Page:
I became angry with God. I didn’t want to talk to Him. I didn’t want to trust Him. I wanted nothing to do with Him at all.
As I continued to watch my mom battle cancer, undergoing immunotherapy transfusion after transfusion, test after test, and biopsy after biopsy, my faith hung on by a thread. In the midst of the heartache and dismay, however, glimmers of light began to shine through the darkness.
My view was shifting, as if I had been looking at the individual pieces of a massive jigsaw puzzle, struggling to fit the pieces together and determine what picture the puzzle was destined to create. It was coming together, and I began to see things from a different, greater perspective.
It became evident that in the midst of the storm, God’s fingerprints were everywhere. Mom had opportunities to share love and encouragement with oncology nurses she befriended. She gifted uplifting books and articles to patients she encountered who were enduring similar health struggles.
She introduced a young mom of three, diagnosed with advanced leukemia, to the Lord, gifting hope to a hopeless heart.
I noticed that family time had morphed into a sacred occasion, as we were reminded of the fragility of life on earth. Despite living halfway across the country from one another, my mom and I became deliberate in our efforts to talk every week and text every day.
We even initiated the habit of regularly mailing each other handwritten cards, which always seemed to arrive in each other’s mailboxes at just the time we needed it most. Conversations that were previously mundane became priceless. Our family had become closer than ever.
With these golden nuggets scattered among the ashes, God was allowing me to see beauty in the midst of the unsightly.
God taught me that in the toilsome circumstances surrounding my mom’s health, He is a loving and merciful God who possesses understanding far beyond my own. I don’t have the full picture.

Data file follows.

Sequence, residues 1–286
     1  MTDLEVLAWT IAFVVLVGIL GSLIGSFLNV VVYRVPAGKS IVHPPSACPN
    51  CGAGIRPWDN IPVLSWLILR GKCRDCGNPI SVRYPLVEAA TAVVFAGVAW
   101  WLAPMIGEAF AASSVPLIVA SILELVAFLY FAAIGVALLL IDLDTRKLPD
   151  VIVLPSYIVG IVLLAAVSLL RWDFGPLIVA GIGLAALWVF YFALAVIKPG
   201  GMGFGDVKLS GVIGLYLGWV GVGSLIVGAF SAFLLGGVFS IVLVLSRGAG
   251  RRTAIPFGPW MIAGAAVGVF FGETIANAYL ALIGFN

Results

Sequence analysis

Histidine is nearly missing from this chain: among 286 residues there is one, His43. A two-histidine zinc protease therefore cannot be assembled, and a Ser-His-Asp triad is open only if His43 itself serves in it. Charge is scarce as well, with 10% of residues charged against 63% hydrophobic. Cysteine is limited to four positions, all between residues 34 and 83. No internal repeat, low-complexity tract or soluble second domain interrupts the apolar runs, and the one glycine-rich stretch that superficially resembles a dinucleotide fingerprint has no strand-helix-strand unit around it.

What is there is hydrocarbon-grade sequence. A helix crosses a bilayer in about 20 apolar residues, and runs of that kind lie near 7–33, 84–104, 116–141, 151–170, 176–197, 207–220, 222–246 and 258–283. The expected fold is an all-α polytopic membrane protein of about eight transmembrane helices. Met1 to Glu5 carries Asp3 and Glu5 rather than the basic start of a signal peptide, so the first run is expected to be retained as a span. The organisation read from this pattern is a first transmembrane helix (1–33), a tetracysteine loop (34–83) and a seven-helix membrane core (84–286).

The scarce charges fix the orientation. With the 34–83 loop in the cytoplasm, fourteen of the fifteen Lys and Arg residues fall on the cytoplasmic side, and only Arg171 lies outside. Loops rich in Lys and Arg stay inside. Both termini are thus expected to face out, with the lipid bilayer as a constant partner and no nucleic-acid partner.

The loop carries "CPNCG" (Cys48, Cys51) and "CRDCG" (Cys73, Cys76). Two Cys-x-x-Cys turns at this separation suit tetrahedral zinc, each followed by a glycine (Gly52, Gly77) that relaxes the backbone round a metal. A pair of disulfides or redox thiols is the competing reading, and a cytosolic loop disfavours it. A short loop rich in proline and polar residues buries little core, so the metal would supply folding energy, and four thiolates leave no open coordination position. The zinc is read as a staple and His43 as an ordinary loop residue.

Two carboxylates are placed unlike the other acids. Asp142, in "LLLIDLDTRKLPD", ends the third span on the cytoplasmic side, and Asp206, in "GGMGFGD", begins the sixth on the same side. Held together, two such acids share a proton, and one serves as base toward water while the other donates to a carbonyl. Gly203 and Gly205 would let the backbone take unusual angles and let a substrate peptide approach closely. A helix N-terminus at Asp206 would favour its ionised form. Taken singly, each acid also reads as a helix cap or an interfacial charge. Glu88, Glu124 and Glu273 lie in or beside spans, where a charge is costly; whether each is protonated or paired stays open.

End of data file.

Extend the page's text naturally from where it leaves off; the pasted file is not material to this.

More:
Recognizing my limited perspective, my job was to trust Him in spite of my unanswered questions. I clung to His promise: “I am with you always, to the very end of the age” (Matthew 28:20). It was a great comfort to know that even when the whole world fades away, He will remain with me — and He will remain with my mom.
God also reminded me that He understood my anguish regarding Mom’s health challenges, for Jesus himself suffered. He wept. He faced rejection and public humiliation. He suffered physical torture and was crucified on a cross.
Comfort came with knowing that it was OK to experience my human emotions — fear, confusion, even anger — and that I could express those feelings to Him because He understood.
Although my mom continues to battle health issues, it’s evident that God has been active, working all things for good in the storm. Not only is He working behind the scenes, but He is also right there with Mom and with me.
While I may never understand the “why” behind the “what” in my mother’s health challenges, I am assured of the “Who” with us each step of the way. He is the awe-inspiring, all-knowing, and ever-present Creator of the universe, who holds my future and my mom’s future in His almighty hands.
Scripture quotations are taken from the New International Version.